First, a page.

"Are you born in July?"
Translation:Er du født i juli?
This sentence isnt only for fetus. You could ask a grown man or woman this, so the sentence is perfectly fine. I think that you can see why if you break it up: er (verbum 1) du (subject) født (verbum 2) i Juli (tidsverbum). In this case you have an inversion, which is normal when asking. In an inversion the subject switches place with the verbum. "at blive født" would translated to english be "to be born". you wouldnt ask someone "Are you to be born in July". I think English and danish grammar is alot similar, so just roughly translating something can show you why.
Sorry for not being clearer. I was just using the infinitive version as a shortcut—which obviously it was not. Xneb's right, though. "Jeg blev født i juli" as the common way to say "I was born in July." So my question is, would someone say, "Jeg var født i juli," or would they use the other? Which is more common?
Yes, the English translation doesn't make sense at all.
As for the Danish sentence, it's in line with the way you would say this in French and German and probably in other languages, e.g.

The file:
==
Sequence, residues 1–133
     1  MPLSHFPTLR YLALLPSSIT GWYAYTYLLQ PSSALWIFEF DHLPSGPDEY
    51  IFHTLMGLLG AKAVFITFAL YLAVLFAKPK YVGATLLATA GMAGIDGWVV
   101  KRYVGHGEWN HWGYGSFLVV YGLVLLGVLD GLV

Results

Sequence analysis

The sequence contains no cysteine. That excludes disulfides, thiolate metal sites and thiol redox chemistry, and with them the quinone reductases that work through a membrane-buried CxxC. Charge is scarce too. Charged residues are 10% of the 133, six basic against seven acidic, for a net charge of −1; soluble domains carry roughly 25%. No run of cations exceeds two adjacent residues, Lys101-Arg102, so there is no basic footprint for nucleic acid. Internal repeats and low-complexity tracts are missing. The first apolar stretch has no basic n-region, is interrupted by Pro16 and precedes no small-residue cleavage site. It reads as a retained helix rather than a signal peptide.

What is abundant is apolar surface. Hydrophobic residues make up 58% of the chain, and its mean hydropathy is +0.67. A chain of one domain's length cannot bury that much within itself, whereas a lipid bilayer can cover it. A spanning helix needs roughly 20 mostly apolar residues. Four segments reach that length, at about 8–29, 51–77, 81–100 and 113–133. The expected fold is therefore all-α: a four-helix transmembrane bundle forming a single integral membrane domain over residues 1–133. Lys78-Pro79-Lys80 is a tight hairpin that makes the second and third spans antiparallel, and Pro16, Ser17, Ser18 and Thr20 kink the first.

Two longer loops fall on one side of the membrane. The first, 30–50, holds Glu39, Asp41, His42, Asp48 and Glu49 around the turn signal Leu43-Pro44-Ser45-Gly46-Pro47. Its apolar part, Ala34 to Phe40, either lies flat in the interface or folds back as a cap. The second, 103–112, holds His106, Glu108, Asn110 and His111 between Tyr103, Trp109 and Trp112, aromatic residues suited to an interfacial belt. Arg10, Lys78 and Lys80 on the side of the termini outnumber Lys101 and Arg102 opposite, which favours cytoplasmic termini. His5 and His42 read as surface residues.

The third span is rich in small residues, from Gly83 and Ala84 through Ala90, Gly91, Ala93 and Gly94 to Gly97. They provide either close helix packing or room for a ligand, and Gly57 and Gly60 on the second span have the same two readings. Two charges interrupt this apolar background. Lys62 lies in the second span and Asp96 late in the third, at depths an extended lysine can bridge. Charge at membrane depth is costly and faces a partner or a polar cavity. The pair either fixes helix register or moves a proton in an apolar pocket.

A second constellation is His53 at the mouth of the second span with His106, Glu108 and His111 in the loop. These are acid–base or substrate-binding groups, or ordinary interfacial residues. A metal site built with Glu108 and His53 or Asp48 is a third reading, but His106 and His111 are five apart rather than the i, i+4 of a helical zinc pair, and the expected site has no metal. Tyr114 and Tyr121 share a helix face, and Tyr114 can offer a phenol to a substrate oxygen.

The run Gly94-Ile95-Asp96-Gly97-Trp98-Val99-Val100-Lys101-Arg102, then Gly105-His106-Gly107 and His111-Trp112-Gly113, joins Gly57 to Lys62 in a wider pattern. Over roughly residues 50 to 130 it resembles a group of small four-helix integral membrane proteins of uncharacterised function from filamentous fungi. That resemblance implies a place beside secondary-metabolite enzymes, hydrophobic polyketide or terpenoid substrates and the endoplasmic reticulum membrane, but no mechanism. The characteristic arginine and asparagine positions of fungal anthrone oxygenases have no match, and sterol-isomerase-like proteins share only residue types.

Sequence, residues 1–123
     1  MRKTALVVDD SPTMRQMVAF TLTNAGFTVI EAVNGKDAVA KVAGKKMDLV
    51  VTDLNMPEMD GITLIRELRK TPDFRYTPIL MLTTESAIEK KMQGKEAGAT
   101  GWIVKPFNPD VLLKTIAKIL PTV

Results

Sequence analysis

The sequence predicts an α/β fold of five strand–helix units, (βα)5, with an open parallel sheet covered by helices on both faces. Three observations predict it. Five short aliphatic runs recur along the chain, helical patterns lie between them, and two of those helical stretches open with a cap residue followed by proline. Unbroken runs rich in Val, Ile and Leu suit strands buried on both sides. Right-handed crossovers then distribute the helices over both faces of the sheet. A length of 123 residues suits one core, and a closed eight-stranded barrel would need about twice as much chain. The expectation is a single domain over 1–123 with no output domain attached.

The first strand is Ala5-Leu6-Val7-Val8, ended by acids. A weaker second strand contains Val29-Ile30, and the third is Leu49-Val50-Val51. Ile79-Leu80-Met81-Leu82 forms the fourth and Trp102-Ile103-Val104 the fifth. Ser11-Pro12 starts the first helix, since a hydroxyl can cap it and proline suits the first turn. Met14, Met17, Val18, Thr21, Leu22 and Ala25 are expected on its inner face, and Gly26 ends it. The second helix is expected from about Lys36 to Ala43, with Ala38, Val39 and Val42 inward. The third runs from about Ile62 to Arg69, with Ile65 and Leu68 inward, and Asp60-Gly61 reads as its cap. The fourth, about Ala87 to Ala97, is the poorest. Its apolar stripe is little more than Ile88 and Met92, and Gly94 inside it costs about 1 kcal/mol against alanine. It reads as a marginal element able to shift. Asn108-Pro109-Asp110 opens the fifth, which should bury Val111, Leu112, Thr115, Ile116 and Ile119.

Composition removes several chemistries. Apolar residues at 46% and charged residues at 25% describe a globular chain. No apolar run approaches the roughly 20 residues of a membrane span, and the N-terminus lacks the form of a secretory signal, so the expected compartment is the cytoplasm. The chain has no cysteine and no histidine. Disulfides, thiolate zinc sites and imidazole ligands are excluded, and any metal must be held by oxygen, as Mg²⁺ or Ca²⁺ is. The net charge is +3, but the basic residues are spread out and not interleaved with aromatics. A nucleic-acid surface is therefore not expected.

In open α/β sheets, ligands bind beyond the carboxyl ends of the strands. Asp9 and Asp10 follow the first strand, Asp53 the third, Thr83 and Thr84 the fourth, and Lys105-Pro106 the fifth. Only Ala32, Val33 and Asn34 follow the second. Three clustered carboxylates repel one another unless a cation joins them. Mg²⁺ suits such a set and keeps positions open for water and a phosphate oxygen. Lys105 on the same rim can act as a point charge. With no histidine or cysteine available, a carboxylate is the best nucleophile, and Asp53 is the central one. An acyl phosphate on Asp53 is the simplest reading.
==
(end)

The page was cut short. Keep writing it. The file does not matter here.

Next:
Je suis né en juillet. Ich bin in Juli geboren.
It does sound like you are saying "I am being born", but you should think of it more as a present condition based on a past event sort of like the present perfect tense.
Example, when you say "The car has been washed", you are really saying two things: 1- the car was washed at some point in the recent past and 2- the car is now clean. But, as soon as you spill coffee in the car or it rains on the car, it's no longer true that the car has been washed. Now it had been washed but is no longer clean.
If that explanation is confusing, just consider that languages work differently. Just because we say "I was born", it doesn't mean other languages work the same way.